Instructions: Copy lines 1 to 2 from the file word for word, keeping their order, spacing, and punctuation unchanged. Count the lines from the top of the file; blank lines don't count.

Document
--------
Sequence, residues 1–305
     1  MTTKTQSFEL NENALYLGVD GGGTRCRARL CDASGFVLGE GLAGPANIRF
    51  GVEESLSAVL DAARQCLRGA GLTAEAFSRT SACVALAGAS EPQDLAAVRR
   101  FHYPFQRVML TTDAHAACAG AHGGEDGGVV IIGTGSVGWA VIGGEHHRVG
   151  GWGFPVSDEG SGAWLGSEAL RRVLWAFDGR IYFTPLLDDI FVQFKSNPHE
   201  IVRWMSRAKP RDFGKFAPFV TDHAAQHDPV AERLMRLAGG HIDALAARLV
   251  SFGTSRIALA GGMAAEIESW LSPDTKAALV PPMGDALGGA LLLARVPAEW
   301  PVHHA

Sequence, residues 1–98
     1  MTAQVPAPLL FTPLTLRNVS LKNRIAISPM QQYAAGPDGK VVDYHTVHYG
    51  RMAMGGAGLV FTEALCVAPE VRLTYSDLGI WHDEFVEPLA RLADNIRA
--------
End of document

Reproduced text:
Sequence, residues 1–305
     1  MTTKTQSFEL NENALYLGVD GGGTRCRARL CDASGFVLGE GLAGPANIRF